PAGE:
True Lithuania

Lithuanian 2014 referendum results (analysis)

2014 06 29. The votes of the Lithuanian referendum on the direct democracy and land ownership issues have been counted.

While 72,84% voted "YES" and only 27,16% voted "NO", 14,97% turnout was well below the 50% needed for the referendum to be recognized officially, thus the referendum is considered invalid.

Pre-referendum polls shown that the majority of voters (~55%) supported the proposed legal changes, 20% have been against while the rest had no opinion. In every Lithuanian municipality, there were more "YES" votes cast than "NO" votes, the "YES" percentage ranging from 58,26% to 82,04%.

Preposition of the 2014 Lithuanian referendum

The referendum, if successful, would have reduced the number of signatures necessary to invoke referendum from 300 000 to 100 000, make the laws adopted by referendum to be revocable only by another referendum as well as reintroduced the recently-scrapped limitations on buying freehold land for non-Lithuanian nationals.

Lithuania will thus continue to have one of the toughest referendum laws in the democratic world, requiring 13% of total voters sign a special document in order to invoke a referendum - this percentage increasing every year as the population numbers fell rapidly (by 20% since 1990) but the 300 000 signature number remained fixed.

Campaigns "for" and "against" the referendum

While this referendum was the first citizen initiative in 20 years to have passed the necessary 300 000 signatures threshold it has been later stalled by politicians. While the attempts to stop the referendum from taking place altogether have failed, it was moved to summer (instead of being held on the same date as presidential and European parliament elections) this both increasing costs (by 12 million Litas) and effectively killing a possibility of a positive turnout (only the "dual elections" still surpass the 50% turnout due to high emigration and lack of interest in politics and summer ballots tend to have especially low turnouts). Ironically while a 50% turnout is required for referendums (direct democracy) it is not required for elections (representative democracy) where under-30% turnouts are common in by-elections and non-dual European parliament elections.

The largest political parties campaigned against "Yes" vote and most opponents have called not to vote in the referendum (which is an effective solution under the Lithuanian system as e.g. 650 000 voting "YES" under a 51% turnout would mean a successful referendum (on most issues) but the same number voting "YES" in a 49% turnout would mean referendum not recognized, making it more useful for someone against the proposition not to cast ballot at all rather than voting "NO"). Referendum proponents accused the ruling parties of not willing to respect the will of the people where it contradicts their opinions, especially on the necessity of further EU integration.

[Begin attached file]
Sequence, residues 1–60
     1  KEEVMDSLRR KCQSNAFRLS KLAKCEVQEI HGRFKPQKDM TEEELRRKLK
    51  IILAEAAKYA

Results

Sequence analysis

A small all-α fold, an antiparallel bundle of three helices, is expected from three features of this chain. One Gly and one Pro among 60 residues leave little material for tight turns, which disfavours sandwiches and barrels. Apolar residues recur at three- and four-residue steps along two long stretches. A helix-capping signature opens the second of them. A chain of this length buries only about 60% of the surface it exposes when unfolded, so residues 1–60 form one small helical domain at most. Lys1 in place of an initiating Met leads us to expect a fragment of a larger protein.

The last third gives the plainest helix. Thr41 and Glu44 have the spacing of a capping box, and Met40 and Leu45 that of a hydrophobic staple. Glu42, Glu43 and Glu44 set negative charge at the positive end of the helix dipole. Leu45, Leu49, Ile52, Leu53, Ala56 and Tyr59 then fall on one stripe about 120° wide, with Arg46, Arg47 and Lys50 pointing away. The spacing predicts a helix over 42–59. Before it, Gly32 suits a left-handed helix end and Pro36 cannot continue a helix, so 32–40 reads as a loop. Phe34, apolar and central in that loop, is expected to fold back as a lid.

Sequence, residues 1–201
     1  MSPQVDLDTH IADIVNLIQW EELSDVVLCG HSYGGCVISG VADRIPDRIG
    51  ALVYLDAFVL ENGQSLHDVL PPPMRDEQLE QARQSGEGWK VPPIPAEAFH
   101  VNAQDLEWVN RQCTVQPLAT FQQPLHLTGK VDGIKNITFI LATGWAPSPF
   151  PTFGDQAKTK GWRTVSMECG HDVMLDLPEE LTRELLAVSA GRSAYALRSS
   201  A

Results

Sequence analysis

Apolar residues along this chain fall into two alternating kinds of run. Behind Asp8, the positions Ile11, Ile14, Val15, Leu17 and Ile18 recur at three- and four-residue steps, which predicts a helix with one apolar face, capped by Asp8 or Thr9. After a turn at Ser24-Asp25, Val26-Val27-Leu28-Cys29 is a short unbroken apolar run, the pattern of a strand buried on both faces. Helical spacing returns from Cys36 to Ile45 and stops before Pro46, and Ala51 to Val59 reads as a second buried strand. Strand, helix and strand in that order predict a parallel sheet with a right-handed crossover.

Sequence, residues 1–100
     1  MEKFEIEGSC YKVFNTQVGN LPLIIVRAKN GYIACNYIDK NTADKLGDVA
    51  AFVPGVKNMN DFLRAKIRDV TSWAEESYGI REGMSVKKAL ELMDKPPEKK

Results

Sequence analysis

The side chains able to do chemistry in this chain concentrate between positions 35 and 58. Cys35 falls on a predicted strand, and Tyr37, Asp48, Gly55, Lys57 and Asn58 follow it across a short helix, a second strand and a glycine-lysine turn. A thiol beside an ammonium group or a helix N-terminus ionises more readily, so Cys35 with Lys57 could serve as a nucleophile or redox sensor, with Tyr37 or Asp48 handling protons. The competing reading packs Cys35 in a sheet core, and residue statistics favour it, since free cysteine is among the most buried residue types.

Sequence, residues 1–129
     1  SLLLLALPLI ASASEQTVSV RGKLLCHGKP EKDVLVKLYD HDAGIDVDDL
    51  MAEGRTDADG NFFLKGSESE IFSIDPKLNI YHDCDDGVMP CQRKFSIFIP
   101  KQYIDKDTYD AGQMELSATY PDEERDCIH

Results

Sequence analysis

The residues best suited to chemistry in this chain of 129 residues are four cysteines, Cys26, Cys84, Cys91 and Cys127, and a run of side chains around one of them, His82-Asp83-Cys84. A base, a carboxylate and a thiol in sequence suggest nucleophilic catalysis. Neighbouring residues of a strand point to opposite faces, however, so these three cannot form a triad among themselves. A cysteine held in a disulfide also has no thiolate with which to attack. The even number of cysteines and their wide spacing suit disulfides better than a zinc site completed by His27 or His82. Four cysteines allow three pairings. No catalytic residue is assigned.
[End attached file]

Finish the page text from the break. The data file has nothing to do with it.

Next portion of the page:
Dispute on voters' right to question further reductions of Lithuanian sovereignty

Whatever the result of the referendum the fact that 300 000 have been collected for the first time seemingly made the major political parties more nervous that their decisions might be nullified by people. An attempt to initiate another referendum on the retention of Litas currency (due to become replaced by Euro in 2015 01 01) was blocked in its infancy as the State Electoral Commission (which is appointed by the major political parties) refused to give out the signature papers. This decision is currently disputed at a court of law. Polls show that the majority of Lithuanians would prefer not to adopt Euro on 2015.

The proponents of further European Union integration claims that by joining European Union Lithuania agreed to further integration (including adopting Euro) and could not refuse it even if 100% of the population would think otherwise. The opponents of this idea point out that constitutionally the "sovereignty belongs to the nation" and other EU nations have successfully opted out of various EU measures when their population instructed to do so (e.g. Sweden, Denmark, and the United Kingdom chose not to adopt the Euro).

The current referendum became controversial in the pro-EU integration camp as allowing EU nationals to buy up Lithuanian land is required by EU rules, unless an opt-out is negotiated. Referendum proponents claimed such an opt-out is necessary due to extreme cultural bond to land by Lithuanians, traditionally an agricultural nation (see Home and Away: Lithuanian public and personal space), among a multitude of other reasons. It should be noted that even with such an opt-out foreigners could have obtained leasehold land in Lithuania or get a freehold after naturalization.

It should be noted that when a 2003 referendum on European Union membership was held the laws were specifically amended for that single referendum alone, allowing a 2-day vote and curbing the threshold. Furthermore, free goods had been given out to all the voters to ensure them coming.

The memories of these controversial 2003 events created some ire this week, as some voters in today's referendum protested that this time the government does everything that it could to reduce the turnout while back then it was vice-versa, and both times legally dubious measures have been employed to achieve a government-supported result.

Article written by Augustinas Žemaitis

Click to learn more about Lithuania: News Leave a comment
Comments (0) Trackbacks (0)

No comments yet.


Leave a comment

No trackbacks yet.